And instead of looking at financing loan to value, they are looking at loan to cost. Now they are willing to finance a maximum 60 percent LTC, while last year they were financing up to 70 percent LTV,” Catherine Martin, financial advisory director at Deloitte in Romania, told BR. “Now developers need more equity than before, when they put up the land and financed the construction by debt.” With less money available and some banks having given up on real estate financing, lenders are looking at smaller projects. Financing volumes vary from EUR 15-30 million, with higher volumes being covered by a pool of banks or building the project in stages and obtaining financing for each separate stage. “Banks are financing professional developers nowadays and looking much more at track record, projects and the quality of tenants. For residential development it is difficult to get any financing. For assets which are rented and have a lot of pre-letting, it is easier,” said Martin.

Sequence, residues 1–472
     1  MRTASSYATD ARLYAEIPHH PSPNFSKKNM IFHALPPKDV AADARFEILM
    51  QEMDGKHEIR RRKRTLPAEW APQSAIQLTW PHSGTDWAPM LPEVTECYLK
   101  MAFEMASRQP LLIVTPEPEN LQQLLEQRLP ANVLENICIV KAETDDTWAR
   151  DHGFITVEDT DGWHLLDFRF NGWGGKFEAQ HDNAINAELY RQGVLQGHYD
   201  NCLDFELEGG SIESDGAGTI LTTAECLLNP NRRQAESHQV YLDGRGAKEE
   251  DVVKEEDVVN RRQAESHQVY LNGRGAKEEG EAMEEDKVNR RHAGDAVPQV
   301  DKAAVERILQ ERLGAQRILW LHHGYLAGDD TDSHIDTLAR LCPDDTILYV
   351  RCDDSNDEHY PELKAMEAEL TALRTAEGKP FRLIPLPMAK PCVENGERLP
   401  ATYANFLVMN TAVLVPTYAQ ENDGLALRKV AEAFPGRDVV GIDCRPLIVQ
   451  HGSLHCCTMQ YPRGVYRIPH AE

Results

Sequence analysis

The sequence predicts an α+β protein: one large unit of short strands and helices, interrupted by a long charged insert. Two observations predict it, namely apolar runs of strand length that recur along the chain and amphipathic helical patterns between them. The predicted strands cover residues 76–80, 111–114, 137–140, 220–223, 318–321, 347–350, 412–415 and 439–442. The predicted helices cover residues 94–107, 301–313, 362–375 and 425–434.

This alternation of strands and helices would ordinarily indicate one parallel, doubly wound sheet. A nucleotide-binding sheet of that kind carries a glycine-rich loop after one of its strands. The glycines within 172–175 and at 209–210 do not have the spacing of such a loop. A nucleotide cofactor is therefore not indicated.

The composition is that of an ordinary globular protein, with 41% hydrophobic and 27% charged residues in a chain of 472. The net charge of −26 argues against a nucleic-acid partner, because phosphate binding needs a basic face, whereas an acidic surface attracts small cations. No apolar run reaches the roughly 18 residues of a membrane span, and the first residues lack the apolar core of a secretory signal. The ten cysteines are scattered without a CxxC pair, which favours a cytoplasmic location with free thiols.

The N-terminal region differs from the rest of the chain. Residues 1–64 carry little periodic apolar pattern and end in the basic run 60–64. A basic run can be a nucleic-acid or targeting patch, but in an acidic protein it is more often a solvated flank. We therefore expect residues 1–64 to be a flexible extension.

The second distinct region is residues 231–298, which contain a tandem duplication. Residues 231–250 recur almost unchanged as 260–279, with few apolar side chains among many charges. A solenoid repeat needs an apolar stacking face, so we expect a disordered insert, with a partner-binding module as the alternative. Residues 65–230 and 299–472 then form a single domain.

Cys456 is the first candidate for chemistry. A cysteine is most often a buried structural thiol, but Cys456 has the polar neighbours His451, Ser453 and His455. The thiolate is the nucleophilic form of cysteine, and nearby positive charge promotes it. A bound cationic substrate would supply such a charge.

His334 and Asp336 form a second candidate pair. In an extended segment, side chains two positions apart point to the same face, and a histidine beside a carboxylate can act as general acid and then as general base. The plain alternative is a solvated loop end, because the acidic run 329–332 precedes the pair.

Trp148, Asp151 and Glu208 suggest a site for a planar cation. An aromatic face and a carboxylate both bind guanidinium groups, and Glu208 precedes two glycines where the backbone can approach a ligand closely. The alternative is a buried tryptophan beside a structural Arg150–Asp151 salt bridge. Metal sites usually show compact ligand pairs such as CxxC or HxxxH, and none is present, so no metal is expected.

The EUR 60,000 state guarantee to buy the first house is a good incentive for the residential segment, but the burden still remains on the borrower to re-pay the loan. Real estate professionals see a local market comeback in 2010, with nearly 40 percent of the respondents of a recent Deloitte study pointing to an upswing in the H1 of 2010, and 43 percent in H2 or after.